Today is the eighth anniversary of the attacks of 9/11/01 and I’ve spent part of the morning reflecting on that day and the subsequent years with their story authored so much by those attacks and our responses. On the one hand, I agree with Stanley Hauerwas who has maintained that 9/11 is not the “day that everything changed,” in the sense that–for Christians at least–everything changed in approximately 33 AD, over a three day period, when Jesus was nailed to a cross and later rose from the dead. That changed everything. I also agree that the initial response, the way in which people were encouraged to “go shop” was anemic and revealed a rot in our soul as a nation. a rot which, some might say, has been exposed all the more by the causes our current recession.
And yet. And yet at the same time, for thousands, even hundreds of thousands of people, the world changed decisively on 9/11/01. A father or mother never made it home from work. A boyfriend who worked for the FDNY died while seeking to save another from the collapsing wreck of a skyscraper. A child in the daycare and never made it out, despite the efforts of a parent to reach them. A Franciscan giving last rites became the first recorded victim of the attacks. People fell with rubble from the sky and for those who saw, and for those who loved them, the world did indeed change.
Who can blame people for seeking a return to normalcy–even a normalcy identified with shopping–in the face of such a painful and terrifying experience. I certainly can’t.
In some ways I see September 11th as the day the old world reached out and dragged the new world back in. The myth of America as separate and above the rest of the world (terrorism, like political instability, is something that happens somewhere else, not here) was destroyed that day, and our policies, carefully developed to walk the line between securing our separateness while remaining engaged with the outside world in military as well as economic ways had to adapt. The myth was destroyed, but the desire still strong, along with the hope, of holding on to some of the reality of the safety and isolation we’d so long enjoyed from those other, less practical peoples on the globe.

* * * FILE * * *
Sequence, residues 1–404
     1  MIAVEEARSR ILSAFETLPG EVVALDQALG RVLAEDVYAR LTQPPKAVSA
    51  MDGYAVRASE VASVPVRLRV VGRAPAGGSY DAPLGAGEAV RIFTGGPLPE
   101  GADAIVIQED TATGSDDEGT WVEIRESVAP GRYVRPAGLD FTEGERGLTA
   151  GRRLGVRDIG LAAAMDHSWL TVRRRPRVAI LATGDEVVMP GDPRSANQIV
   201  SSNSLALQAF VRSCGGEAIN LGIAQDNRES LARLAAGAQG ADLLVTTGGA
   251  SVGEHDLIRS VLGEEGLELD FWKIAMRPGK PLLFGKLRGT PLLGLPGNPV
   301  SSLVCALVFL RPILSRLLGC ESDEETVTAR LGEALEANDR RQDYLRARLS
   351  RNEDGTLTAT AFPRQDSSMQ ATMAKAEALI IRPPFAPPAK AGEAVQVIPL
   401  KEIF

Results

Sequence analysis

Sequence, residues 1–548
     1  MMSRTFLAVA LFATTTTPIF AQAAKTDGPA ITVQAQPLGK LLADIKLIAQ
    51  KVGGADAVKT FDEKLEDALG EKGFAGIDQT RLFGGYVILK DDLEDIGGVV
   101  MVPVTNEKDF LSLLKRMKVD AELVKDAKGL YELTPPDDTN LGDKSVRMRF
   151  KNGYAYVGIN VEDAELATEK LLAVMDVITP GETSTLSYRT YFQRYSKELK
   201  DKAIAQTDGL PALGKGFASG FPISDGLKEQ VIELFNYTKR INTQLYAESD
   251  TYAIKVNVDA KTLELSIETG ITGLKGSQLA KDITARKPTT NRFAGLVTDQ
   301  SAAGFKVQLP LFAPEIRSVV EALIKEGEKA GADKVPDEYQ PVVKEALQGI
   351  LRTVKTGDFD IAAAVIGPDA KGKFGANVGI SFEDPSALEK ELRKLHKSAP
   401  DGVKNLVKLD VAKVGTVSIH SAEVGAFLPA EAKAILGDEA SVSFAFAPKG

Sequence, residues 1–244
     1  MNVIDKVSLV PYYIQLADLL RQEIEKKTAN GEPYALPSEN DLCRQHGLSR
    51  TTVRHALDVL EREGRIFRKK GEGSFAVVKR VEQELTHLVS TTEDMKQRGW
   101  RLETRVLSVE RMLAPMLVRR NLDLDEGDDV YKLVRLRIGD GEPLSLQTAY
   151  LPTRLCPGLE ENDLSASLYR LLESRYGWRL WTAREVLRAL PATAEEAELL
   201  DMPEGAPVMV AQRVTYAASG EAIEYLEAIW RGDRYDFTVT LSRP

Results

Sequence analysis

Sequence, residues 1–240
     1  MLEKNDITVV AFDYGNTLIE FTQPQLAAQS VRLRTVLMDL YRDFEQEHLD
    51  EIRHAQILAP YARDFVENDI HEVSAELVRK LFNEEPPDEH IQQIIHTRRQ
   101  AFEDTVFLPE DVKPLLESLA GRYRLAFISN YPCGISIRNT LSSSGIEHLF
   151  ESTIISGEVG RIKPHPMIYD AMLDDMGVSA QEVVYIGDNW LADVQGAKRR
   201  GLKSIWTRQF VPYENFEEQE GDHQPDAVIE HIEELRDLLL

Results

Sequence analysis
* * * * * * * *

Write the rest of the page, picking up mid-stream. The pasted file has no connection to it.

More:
September 11th did change things. It changed people’s plans, their hopes, their dreams, their lives in hurtful and dramatic ways. And it is in these individual stories, these individual lives that the true impact of this crime is revealed.
I’ve been rereading Rowan Williams’ Writing in the Dust, the book he wrote as he reflected upon his experience of being in New York City on that fateful day, and I would like to share part of it with you on this anniversary:
Someone who is about to die in terrible anguish makes room in their mind for someone else; for the grief and terror of someone they love. They do what they can to take some atom of that pain away from the other by the inarticulate message on the mobile. That moment of ‘making room’ is what I as a religious person have to notice. It isn’t ‘pious’, it isn’t language about God; it’s simply language that brings into the world something other than self-defensiveness. It’s a breathing space in the asthmatic climate of self-concern and competition; a breathing space that religious language doesn’t often manage to create by or for itself.